Monday, November 25, 2013

A fun little project - red & white undercounter LEDs

'6 little LEDs, sitting all in a row!'
(OK, only 4 are visable, but they continue on for 6 total..)

Here is a fun project I did a while ago, putting up a string of inexpensive LEDs as under-the-counter lighting.  Lots and lots of LEDs are out there, these are the ones I picked up a couply of winters ago when I was back in Portland:

They cost $1.85, come in Red, White, Warm White, Green, Yellow.. What is curious is I can find ones CLOSE to this on Ebay for around $1 each, but they do not have the connectors on them - just hard wire pig-tails.

And is is the connectors that make this kind of a fun project.

See, I mixed red and white LEDs - added a two position switch and now we can selected between the Warm White glow, or eye saving Red night light! I stewed for a while trying to figure out how to make a clean and tidy installation, without a bunch of 'extra' wires running around.  (ala, one for White, one for Red, and one for return, plus lots of splices and connectors..).  Notice in the top photo how all the LEDs are daisy-chained, one right after another?  If all I had was one color that would be straightforward - wire up an on/off switch and link them one after another.  But in fact, these LED blocks alternator between White and Red.  And I was able to do with with the existing wires, by using a little electrical magic.

Starting with a DPDT - Center Off switch wired as a 'reversing' switch I am able to get either 12v normal polarity sent down the wires, or 12v reversed polarity, depending on which way the switch is toggled.  Right for White, Left (port) for Red.  Center for power-off.  LEDs being Diodes will either light up when presented with correct polarity, or will not when presented with reverse polarity. By reversing the Red and Black wire on the Female connector of each LED block as 12v is sent down the wire the polarity is 'swapped over' at each LED block.. So what was normal polarity at the 1st block becomes reverse polarity at the next.  And if the 1st block had reverse polarity presented to it, it would swap this over the normal polarity to the block after it. This is how I can 'selected' either Red or White with one set of wires.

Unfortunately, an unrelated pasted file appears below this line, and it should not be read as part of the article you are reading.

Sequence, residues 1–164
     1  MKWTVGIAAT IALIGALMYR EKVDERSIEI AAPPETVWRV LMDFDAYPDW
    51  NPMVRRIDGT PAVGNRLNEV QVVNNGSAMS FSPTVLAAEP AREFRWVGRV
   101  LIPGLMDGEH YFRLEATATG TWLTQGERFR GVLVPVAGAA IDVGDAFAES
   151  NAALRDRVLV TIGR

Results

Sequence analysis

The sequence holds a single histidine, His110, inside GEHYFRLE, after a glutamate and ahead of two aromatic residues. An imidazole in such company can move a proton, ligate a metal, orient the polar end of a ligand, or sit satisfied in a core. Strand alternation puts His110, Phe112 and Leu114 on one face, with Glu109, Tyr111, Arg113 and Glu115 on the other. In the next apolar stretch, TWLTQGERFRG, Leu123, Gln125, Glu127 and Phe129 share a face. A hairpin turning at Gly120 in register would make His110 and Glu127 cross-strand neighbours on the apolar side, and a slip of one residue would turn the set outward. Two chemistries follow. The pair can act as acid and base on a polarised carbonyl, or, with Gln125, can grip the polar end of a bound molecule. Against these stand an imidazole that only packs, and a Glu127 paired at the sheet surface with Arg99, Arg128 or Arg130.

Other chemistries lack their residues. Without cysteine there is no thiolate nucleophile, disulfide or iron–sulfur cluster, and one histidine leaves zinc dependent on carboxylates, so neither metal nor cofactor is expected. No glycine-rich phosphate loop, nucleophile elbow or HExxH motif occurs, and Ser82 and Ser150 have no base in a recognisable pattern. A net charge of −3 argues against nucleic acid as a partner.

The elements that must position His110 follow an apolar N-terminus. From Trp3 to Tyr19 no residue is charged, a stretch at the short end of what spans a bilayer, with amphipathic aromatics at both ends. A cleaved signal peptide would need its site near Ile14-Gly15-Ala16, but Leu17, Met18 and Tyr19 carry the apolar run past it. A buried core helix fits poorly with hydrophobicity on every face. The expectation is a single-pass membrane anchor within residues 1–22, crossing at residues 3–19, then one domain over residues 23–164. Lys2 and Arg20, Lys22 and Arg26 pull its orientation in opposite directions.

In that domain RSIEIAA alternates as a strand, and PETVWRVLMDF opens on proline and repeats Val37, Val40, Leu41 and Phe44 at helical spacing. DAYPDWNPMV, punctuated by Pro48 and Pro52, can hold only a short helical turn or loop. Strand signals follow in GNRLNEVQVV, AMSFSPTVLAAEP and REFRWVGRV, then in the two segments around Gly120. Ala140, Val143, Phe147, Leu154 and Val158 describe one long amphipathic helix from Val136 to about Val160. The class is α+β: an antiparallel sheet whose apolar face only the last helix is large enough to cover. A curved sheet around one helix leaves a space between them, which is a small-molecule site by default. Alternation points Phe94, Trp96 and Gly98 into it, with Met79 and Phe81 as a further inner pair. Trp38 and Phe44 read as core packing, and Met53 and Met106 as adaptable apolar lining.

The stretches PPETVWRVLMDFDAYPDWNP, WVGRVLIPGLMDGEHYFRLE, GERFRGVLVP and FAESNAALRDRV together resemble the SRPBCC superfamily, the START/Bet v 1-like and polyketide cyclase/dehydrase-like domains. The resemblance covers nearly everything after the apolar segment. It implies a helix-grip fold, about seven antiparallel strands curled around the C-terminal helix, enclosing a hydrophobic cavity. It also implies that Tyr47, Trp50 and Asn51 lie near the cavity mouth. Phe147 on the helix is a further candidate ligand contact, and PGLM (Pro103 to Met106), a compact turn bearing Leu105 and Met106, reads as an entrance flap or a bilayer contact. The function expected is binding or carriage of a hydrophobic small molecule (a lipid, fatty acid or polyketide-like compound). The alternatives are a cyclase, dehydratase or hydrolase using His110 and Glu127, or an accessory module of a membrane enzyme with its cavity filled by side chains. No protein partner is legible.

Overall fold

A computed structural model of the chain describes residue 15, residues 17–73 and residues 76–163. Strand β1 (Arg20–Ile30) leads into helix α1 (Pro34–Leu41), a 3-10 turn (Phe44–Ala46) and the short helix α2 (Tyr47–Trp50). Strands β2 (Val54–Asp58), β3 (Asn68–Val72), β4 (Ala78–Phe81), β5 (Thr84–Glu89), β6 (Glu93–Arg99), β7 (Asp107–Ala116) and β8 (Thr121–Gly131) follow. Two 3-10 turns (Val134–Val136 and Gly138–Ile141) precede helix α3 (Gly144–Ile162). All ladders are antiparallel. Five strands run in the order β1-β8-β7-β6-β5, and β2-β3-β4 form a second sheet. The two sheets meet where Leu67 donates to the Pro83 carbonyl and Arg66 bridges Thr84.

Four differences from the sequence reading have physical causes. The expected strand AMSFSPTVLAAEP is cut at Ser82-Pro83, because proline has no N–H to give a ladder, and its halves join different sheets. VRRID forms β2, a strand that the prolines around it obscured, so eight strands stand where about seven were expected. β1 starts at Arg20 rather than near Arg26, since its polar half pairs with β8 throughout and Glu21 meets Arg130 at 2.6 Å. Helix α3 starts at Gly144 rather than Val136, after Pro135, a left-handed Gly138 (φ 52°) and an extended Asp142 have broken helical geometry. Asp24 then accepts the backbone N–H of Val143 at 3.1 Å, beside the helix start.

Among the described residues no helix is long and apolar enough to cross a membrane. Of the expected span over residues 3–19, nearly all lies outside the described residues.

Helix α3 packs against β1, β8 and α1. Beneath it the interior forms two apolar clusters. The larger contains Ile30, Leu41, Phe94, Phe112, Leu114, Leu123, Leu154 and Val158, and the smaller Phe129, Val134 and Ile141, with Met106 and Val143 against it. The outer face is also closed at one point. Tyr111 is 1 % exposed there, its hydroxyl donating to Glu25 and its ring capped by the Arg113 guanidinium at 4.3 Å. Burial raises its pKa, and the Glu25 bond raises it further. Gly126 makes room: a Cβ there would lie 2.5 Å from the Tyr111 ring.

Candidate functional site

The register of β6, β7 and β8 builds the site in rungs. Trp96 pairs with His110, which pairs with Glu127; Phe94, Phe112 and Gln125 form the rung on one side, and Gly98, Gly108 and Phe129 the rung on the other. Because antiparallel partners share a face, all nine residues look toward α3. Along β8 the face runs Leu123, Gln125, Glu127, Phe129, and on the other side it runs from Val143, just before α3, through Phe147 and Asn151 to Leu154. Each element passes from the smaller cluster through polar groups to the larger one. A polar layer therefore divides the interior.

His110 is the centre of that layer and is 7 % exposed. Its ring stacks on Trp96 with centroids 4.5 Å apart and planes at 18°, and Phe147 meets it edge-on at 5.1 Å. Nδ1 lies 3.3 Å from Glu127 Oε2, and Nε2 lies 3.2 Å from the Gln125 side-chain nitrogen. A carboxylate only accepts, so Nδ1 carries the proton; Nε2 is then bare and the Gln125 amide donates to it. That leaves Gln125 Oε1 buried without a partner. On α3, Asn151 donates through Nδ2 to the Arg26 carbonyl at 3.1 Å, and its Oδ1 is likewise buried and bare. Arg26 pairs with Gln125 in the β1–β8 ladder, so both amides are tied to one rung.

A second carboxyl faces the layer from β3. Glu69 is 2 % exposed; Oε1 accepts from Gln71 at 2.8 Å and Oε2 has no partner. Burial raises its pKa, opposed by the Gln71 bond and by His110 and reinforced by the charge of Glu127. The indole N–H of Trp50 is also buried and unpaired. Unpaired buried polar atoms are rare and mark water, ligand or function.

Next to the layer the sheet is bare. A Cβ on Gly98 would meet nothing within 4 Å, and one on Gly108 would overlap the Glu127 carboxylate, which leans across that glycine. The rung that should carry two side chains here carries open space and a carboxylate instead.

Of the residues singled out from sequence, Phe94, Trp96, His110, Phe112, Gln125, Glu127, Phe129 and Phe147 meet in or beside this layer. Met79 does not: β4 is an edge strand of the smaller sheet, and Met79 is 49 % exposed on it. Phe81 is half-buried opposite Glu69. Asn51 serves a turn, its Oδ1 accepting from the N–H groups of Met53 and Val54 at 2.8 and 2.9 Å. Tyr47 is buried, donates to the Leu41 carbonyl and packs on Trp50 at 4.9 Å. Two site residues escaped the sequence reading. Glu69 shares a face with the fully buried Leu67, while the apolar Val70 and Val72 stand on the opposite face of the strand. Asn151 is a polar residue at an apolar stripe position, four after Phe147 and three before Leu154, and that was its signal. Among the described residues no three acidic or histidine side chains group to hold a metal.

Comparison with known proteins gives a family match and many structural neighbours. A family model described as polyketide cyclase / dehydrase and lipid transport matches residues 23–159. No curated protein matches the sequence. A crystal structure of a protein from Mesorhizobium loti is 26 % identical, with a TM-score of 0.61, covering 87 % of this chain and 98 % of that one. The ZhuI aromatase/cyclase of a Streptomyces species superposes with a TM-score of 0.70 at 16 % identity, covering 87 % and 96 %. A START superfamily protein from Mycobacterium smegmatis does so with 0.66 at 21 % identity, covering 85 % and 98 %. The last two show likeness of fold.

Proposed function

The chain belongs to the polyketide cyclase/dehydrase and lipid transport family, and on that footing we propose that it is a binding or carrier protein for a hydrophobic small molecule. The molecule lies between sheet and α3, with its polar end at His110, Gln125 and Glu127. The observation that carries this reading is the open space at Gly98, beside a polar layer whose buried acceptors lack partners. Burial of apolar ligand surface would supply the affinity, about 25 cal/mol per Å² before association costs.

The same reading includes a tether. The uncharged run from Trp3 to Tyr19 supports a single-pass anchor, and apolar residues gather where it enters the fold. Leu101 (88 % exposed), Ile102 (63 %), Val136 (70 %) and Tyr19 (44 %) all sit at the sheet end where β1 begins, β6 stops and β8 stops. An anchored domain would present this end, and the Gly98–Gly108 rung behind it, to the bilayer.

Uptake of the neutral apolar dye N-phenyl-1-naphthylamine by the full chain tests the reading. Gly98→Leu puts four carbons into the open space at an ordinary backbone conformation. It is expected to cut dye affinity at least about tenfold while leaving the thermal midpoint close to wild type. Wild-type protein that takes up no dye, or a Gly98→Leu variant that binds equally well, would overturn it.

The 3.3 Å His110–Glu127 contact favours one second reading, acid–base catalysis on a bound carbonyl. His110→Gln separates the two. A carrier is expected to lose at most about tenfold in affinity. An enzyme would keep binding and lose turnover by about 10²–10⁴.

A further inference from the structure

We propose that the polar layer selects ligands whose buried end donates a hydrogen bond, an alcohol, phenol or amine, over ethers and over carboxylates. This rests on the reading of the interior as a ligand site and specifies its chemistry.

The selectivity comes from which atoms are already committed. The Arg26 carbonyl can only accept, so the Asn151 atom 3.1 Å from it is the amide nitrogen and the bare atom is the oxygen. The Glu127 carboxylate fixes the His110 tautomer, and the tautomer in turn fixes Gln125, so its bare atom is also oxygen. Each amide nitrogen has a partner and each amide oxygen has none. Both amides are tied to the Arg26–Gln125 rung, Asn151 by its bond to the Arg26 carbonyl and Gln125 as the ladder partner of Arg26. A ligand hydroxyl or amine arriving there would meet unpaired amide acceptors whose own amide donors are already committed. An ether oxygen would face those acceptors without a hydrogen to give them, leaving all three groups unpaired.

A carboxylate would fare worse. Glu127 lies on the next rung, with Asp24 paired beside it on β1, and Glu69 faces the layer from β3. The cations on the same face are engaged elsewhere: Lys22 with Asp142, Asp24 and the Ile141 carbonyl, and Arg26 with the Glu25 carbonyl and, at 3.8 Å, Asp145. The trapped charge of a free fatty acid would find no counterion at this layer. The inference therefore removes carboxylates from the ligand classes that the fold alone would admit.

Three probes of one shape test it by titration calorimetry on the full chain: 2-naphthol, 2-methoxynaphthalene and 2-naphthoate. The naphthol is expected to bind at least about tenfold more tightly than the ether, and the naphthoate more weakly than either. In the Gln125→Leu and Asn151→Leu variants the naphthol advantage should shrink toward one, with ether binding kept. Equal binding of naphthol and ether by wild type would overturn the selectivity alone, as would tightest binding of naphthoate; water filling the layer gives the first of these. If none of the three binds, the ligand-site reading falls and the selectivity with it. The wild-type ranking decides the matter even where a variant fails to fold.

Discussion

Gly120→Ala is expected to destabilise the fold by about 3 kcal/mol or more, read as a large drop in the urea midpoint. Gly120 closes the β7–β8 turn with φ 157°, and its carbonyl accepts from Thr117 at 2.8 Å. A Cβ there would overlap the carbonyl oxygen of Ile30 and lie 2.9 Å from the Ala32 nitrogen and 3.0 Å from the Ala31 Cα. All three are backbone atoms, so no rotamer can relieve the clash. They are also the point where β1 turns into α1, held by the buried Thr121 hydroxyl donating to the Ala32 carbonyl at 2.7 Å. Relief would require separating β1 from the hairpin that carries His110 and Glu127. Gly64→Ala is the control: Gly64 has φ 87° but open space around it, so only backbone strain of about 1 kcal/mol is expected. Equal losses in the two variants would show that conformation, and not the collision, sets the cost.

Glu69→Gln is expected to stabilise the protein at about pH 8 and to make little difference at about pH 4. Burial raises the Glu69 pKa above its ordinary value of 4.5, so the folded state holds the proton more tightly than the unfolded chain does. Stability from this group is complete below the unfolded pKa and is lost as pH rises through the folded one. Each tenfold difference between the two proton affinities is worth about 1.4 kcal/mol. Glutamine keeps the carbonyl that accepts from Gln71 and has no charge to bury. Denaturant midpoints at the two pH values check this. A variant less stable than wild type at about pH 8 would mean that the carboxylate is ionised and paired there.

Details.  Step one: mark your LED blocks.  They all look the same when unpowered, I turned them over and wrote WW or Red on them with a Sharpe.  Then need to reverse the wiring on the end of each LED block.  Take a look here, the LED on the top has been modified, the one on the bottom not.:

Can you see the difference?
Top one has been modified, bottom is stock.

How about now?
Notice how the holes in the connectors have swapped sides?

Here is a close up.
The top connector has been 'turned around'

To do this we simply need to release the clips holding the wires into the connectors, pull them out and then reinsert them back into the opposite holes.  To release, look on the side of the female connector with the metal showing. There is a VERY small clip that can CAREFULLY be pressed down.  Then GENTLY pull the wire out.

Using a knife tip to gently press down on the clip.

Here both wires have been freed.

After freeing both wires, inspect the clips to make sure it is not too deformed.  We want it to 'spring back' into place holding the wire in the connector.  Once ready, press the wires back into the connector, swapping Red and Black.  And that is it!  Now as power is sent down through this LED block it will reverse the polarity before sending it on to the next block.

Install a string of your modified LED blocks, alternating White and Red blocks to get good light distribution.  Finally wire the DPDT-CO (Center Off) switch as a reversing switch:

Connect the LEDs to where it says 'track' in the above drawing.

I snipped off the unused Female connector from the last LED block and used it to wire from the switch and the 1st LED in the chain, ala:
Snipped unused pigtail
off of last LED in chain
Then used it from the Switch to the 1st LED.

And there you have it.  Red and White LEDs counter lights with a two position - center-off -  switch to select which set to light up.  All with nice and tidy wiring.

Fun project!  And here are a couple of  Live Action photos:


OK, Nerd time:  In fact there is a slight problem with wiring up LEDs like this.  At least the really low cost ones.  The problem is though LEDs are a class of Diodes, they do not have very high reverse voltage properties.  Often in the 6v range (vs say 100V or more for a normal 'Diode'.)   Applying 12v to one of these stresses them.  So, why am I doing the approach above?   Well, I am kind of walking a line here.  With 3 LEDS in each block, that 6v becomes  3 x 6v, or 18v.  And we are OK.  PROVIDING the leakage current in each LED is matched (possible), or some external balancing resistors were designed in (not a chance).  So, even though there is a potential to 'stress' them when they are in reverse polarity, the risk is perhaps low.  And after all they cost under a couple of bucks each.

But, I did have one fail after almost 2 years of use.  Not sure if having it reverse biased at times contributed to that or not, after all these are cheap units, so who knows.   

I am happy with this approach, I like the cleanness of the wiring, and I am willing to take the 'engineering risk'.  But if you are looking to do this with devices other than what I have sourced, you might want to re-look at them and see if the situation is better or worse.

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